And our team didn’t end there: we were also supported by Nodes, who are experts in delivering hackathons. They helped us with user experience and the app design and production – a crucial piece of the puzzle.
The winning idea
Ultimately, the hackathon was all about developing the best ideas, and this is something we definitely managed.
The concept that won the judges over was a simple mobile app, which allows employees affected by cancer to stay connected with their workplace, managers and colleagues.
They can stay in touch as and when they want, using their preferred communication channels. The user’s choice was paramount for us: we don’t want them to feel under pressure to keep up to date with things. Instead, it’s all about helping them still feel part of the workplace and the supportive community of colleagues.
The key features on the app include a connected community, informal news feed, story sharing, forums and a status tracker. We’re especially excited about the community features. Hopefully it will help bring together a community of people with cancer within our organisation.
Now the app has just gone through a user-testing phase. One user during testing said: “I definitely would have used this, it would have been nice to have something familiar to use during darker days and it makes a very good communication tool”. We’ll soon be starting a full-scale trial – and then the app will become part of our portfolio.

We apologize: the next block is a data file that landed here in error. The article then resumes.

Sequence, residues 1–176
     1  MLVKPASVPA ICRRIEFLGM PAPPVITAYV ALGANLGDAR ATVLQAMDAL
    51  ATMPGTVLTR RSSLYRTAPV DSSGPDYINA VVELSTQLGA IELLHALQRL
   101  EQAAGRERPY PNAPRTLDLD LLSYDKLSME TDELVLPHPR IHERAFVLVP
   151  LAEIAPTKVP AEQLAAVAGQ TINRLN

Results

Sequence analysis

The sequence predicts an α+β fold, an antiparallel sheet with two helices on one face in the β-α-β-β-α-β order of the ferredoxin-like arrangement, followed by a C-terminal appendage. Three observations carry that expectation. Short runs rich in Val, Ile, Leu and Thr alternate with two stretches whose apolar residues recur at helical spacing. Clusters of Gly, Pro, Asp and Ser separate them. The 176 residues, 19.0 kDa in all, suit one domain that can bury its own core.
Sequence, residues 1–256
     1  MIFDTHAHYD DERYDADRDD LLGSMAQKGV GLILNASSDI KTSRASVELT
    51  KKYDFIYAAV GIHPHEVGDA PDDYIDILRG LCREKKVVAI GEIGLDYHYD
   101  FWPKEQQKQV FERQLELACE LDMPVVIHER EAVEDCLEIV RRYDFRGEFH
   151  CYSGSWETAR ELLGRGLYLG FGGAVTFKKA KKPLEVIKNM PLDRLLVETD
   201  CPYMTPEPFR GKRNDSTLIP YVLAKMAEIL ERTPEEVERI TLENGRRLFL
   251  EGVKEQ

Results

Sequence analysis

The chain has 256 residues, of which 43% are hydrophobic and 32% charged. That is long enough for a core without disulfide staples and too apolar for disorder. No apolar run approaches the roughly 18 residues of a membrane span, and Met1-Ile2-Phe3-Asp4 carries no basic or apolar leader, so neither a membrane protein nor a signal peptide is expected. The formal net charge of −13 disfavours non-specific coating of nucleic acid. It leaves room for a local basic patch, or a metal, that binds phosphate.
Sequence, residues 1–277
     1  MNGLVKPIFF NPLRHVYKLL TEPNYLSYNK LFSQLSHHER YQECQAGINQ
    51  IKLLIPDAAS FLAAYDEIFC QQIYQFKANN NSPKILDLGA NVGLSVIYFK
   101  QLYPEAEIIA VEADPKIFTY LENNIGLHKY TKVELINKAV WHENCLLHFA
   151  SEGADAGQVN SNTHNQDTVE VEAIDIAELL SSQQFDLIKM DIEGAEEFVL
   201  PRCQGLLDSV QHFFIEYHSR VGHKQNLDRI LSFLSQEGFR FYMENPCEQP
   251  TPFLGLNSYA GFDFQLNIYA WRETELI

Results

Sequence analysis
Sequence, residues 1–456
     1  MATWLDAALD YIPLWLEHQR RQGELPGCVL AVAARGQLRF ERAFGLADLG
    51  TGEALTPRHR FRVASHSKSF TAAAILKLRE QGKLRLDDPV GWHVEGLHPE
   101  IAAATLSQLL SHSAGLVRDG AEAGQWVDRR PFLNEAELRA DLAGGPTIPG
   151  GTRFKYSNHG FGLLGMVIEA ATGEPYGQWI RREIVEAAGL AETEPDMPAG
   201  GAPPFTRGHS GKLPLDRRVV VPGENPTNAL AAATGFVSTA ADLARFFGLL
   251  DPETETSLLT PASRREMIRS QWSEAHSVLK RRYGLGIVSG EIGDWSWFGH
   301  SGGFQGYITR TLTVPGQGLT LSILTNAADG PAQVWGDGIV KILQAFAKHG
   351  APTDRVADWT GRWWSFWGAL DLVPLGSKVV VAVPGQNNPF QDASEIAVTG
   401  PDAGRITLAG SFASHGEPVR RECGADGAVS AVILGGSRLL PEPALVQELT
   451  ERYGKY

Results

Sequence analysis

In developing our ideas, we were very inspired by BuddyConnect, the solution produced by the team in last year’s hackathon.
BuddyConnect has been a very successful early product. It’s been referenced in analyst meetings and is recognised as demonstrating Fujitsu’s ability to implement innovation in high value applications. So far, it has generated 21 leads across industry sectors including public sector, IT Services and Financial Services.
Having BuddyConnect on hand as a template has allowed us to move from Hackathon, MVP to Trial Version in a more agile way and with less risk.
What was it like as a participant?
The hackathon was a hard process. By the fifth day you have to create a mock-up of your ideas – you certainly couldn’t work at that intensity all the time!
But it was worth all the effort. When we had finished the week, we felt we had created something that would really make a difference.
At Fujitsu we often talk about human-centric innovation and the hackathon was a great example of this. Our app will not only assist people suffering from cancer return to work but will also help them still feel like part of the team while away. This includes all the purpose, community and independence that working entails for many. It will also prevent valuable skills from being lost from the workplace.
This is very much in-line with our vision of the future workplace and our goal of setting the industry standard for employee experience. By focusing on bettering the health and wellbeing of a diverse workforce, we can ensure employees are always positively engaged. Hopefully our app will be a part of this effort and help employees feel supported through what can be one of the hardest periods of their lives.